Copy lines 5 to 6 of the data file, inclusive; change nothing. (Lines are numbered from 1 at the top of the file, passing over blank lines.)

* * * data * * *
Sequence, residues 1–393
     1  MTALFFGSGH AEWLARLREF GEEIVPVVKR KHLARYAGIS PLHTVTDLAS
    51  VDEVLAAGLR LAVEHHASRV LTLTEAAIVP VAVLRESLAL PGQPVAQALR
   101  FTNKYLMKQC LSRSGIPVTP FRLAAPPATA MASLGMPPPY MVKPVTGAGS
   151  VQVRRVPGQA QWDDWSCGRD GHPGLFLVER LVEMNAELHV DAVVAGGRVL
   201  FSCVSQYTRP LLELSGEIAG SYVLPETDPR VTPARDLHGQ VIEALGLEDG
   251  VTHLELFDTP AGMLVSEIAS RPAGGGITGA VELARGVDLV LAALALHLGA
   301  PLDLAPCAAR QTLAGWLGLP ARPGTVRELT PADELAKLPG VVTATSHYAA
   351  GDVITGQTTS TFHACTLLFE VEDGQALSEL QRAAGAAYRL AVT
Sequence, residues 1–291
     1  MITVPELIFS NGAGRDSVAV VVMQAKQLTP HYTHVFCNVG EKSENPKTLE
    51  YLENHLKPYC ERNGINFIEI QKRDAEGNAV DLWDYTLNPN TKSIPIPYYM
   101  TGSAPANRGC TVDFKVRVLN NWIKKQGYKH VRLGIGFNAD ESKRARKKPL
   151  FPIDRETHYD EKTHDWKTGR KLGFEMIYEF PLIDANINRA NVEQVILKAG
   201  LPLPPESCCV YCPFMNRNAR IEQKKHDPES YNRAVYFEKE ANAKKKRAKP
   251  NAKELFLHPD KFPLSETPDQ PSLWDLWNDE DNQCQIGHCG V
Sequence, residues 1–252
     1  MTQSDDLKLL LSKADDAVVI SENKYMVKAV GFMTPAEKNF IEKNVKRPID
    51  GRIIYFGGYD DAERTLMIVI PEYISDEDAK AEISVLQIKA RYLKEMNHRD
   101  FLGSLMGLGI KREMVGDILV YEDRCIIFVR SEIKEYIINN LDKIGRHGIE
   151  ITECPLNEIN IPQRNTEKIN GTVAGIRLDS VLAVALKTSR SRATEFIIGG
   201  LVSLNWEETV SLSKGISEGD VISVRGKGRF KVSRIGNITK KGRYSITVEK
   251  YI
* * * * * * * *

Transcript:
   151  VQVRRVPGQA QWDDWSCGRD GHPGLFLVER LVEMNAELHV DAVVAGGRVL
   201  FSCVSQYTRP LLELSGEIAG SYVLPETDPR VTPARDLHGQ VIEALGLEDG